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Constitutional convention only helps future budgets, PAR says

Lately, several public officials have pointed to a constitutional convention as the solution to the state’s budget woes. While constitutional revision is in order to correct some of the longstanding problems with state government, a full rewrite or even limited revision will do nothing to help balance the budget for the upcoming fiscal year.

Louisiana budget makers seem to have been caught off guard by the convergence of falling oil and gas prices, increased spending and the tax breaks they recently granted. The state’s dependence on volatile oil and gas revenue has increased from around 8 percent in 1999 to around 16 percent for the current fiscal year. The state is now facing a revenue decline of around $1.3 billion for the upcoming fiscal year. Budget makers complain that the protected expenditures in the budget make it difficult to spread the cuts equitably. Many of those protections are in the Constitution.

The majority of the expenditures deemed cuttable in the budget are for higher education and health care. Higher education and health care officials recently have presented lists of professors who will have to be fired and hospitals that will have to be closed if the projected cuts must be made.

Almost 60 percent of the protected expenditures are for elementary and secondary education. Even in times of extreme revenue shortfalls when other protected expenditures can be cut up to 5 percent, the elementary and secondary education fund can only be cut 1 percent. This special treatment is established in the Constitution and to change it would essentially pit this type of education funding (called Minimum Foundation Program, or MFP) against higher education and health care for the poor. Readjusting those priorities would be a tough task, which raises the question:

  • Should the MFP funds face budget cuts to the same degree as all other items in the state budget?

Answers to this and many other difficult issues would have to be proposed well in advance to justify the cost of a constitutional convention. Louisiana’s current Constitution was adopted in 1974 and the process leading up to ratification lasted around three years, including pre-convention research time and the year-long convention proceedings.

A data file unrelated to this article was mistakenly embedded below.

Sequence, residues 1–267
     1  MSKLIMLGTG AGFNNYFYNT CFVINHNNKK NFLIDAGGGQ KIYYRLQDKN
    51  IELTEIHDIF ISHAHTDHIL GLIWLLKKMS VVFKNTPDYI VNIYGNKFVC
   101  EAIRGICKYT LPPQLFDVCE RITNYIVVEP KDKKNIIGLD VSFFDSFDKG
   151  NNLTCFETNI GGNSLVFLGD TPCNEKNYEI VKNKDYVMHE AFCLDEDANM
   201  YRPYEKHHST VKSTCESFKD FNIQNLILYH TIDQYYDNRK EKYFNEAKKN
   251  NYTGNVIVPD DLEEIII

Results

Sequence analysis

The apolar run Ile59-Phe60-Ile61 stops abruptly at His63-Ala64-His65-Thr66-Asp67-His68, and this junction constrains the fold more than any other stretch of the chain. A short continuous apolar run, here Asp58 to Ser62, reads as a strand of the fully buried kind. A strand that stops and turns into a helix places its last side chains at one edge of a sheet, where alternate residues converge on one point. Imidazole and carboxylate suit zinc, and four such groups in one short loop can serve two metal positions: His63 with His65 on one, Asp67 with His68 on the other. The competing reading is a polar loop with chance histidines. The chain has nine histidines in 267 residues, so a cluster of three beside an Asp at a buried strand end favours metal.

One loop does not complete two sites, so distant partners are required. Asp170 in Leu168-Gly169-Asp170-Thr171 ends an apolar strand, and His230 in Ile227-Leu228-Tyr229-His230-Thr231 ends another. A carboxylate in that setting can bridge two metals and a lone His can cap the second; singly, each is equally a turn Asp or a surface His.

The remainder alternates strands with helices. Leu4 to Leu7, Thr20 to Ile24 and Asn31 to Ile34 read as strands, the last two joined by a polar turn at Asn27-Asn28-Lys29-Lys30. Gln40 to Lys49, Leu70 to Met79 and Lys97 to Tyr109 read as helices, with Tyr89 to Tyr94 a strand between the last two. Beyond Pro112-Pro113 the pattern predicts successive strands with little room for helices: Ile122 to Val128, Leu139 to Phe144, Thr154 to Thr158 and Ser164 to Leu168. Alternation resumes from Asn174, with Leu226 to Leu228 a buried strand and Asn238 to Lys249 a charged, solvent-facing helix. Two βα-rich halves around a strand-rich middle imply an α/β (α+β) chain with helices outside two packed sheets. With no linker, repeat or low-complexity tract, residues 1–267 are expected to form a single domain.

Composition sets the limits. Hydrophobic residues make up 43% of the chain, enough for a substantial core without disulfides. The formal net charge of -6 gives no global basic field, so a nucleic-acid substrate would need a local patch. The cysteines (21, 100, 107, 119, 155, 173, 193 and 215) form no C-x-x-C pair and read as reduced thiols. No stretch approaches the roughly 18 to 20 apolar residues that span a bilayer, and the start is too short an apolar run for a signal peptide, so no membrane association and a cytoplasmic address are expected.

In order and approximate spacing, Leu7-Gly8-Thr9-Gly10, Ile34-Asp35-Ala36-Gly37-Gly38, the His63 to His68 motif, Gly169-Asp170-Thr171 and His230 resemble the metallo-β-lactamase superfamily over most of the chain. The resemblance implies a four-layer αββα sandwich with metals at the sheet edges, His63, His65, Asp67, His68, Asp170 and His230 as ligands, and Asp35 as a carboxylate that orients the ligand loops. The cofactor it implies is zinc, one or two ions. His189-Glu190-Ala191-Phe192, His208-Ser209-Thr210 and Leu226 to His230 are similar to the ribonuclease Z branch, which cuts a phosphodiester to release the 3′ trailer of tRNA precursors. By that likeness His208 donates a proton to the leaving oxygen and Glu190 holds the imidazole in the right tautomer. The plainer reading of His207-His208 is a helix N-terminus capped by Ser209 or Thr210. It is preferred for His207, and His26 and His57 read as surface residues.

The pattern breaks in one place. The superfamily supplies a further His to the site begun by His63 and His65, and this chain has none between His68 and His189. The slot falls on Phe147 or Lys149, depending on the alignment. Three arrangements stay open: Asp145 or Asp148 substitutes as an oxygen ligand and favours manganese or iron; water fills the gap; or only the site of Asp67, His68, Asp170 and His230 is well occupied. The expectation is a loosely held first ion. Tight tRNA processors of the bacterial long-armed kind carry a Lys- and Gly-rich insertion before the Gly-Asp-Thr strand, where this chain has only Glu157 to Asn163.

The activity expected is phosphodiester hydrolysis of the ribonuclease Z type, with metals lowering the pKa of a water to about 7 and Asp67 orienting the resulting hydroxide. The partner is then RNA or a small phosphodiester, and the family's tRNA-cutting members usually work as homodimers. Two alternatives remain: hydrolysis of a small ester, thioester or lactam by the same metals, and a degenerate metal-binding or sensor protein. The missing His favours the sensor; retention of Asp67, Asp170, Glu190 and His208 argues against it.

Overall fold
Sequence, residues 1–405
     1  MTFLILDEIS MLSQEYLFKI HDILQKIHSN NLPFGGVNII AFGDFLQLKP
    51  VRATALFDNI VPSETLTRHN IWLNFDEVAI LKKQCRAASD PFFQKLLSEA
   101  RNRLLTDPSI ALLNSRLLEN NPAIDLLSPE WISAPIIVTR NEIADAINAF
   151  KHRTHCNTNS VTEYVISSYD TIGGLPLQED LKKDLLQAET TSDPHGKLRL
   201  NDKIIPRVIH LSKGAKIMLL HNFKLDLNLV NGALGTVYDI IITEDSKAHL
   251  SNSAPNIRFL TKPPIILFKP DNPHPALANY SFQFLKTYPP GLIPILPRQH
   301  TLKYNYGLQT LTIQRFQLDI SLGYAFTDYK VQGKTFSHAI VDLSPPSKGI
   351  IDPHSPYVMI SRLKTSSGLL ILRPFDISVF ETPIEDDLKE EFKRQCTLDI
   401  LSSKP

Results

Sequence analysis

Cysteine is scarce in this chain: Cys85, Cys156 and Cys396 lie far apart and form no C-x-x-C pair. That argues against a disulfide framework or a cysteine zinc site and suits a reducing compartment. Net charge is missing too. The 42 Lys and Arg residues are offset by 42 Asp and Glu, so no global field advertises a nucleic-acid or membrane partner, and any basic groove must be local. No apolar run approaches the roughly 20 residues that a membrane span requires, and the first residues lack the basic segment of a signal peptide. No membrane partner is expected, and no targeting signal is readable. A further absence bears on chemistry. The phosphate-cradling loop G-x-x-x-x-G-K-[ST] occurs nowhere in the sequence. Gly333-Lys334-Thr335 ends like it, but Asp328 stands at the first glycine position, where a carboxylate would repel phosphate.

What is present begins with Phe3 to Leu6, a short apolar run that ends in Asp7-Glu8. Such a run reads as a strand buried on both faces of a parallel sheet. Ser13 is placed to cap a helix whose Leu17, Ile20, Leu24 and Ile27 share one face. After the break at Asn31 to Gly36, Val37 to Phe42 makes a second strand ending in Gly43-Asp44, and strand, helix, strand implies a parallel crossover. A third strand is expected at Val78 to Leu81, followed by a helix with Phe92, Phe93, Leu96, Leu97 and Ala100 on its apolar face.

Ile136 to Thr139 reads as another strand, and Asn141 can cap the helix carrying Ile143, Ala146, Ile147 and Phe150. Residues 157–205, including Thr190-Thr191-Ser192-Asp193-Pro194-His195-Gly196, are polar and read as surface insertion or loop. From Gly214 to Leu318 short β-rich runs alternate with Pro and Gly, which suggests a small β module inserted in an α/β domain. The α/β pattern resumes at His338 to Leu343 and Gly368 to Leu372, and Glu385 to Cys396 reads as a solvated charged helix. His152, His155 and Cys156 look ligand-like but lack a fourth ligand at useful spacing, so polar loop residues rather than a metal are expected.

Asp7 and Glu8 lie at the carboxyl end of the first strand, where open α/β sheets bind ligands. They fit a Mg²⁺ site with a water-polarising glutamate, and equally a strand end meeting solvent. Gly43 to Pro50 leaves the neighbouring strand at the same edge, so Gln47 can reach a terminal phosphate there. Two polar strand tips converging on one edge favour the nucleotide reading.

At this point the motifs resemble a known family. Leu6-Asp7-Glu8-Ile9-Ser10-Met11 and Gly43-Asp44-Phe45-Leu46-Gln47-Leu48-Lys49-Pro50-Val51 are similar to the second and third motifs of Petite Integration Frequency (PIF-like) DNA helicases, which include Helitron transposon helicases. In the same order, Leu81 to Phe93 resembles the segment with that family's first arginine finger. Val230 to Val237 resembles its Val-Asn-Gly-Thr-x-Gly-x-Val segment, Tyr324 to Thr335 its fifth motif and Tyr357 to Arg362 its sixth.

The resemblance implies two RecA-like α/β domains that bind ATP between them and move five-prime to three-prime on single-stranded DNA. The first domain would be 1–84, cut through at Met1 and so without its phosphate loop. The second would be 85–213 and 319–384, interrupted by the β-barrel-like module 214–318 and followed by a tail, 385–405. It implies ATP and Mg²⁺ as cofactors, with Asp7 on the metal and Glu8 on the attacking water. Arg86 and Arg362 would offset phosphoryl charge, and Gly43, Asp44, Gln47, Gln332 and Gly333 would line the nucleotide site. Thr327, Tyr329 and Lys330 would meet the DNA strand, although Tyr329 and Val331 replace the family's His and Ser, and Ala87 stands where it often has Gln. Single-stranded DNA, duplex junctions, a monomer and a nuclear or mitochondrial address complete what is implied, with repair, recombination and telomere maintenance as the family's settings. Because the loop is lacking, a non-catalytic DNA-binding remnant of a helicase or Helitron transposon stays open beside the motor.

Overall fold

The 1974 Constitution has been amended 153 times. PAR has repeatedly called for a convention to restore the Constitution to its role as a statement of basic law. However, it should be emphasized that a constitutional revision would provide no solution to the state’s current fiscal crisis and likely would not have any impact on at least the next two to three years of budget-making. Moreover, without a fully developed agenda for change that addresses all of the most controversial issues, a constitutional convention could lead to more problems than it solves.

While not an immediate fix, constitutional revision is the only way to achieve a complete overhaul of state government that includes its operation, organization, tax structure and relationships with local government. There are two paths to revision: a constitutional convention for a full rewrite or piecemeal revision through separate amendments proposed by the Legislature.

Regardless of the approach taken, some key questions must first be addressed to develop a comprehensive agenda to guide the revision efforts:

  • Which budgetary dedications should be removed?
  • How can the state achieve a broad-based, balanced, fair and growth-oriented state tax structure?
  • How can the state grant greater fiscal flexibility to local governments?
  • How can the state achieve a more streamlined state organizational structure?
  • Should there be fewer elected state and local officials?
  • How can the state improve governance of higher education?
  • Should a more restrictive amendment procedure be established?

In 2003, a PAR white paper recommended that the incoming administration engage in the necessary study to answer these questions and develop an agenda for a constitutional revision. Neither that administration nor the current one has undertaken the task. A constitutional revision study might yield a set of recommendations that would be best handled with individual amendments rather than a full constitutional convention.

From study to ratification, the process of writing a new constitution is likely to span at least three years. Now is as good a time as any to begin the process, but no one should be fooled into thinking that this is a serious proposal to deal with the current fiscal crisis unfolding. To call for a constitutional convention now in the midst of an immediate fiscal crisis is merely a diversion from the very difficult and complex issue at hand.

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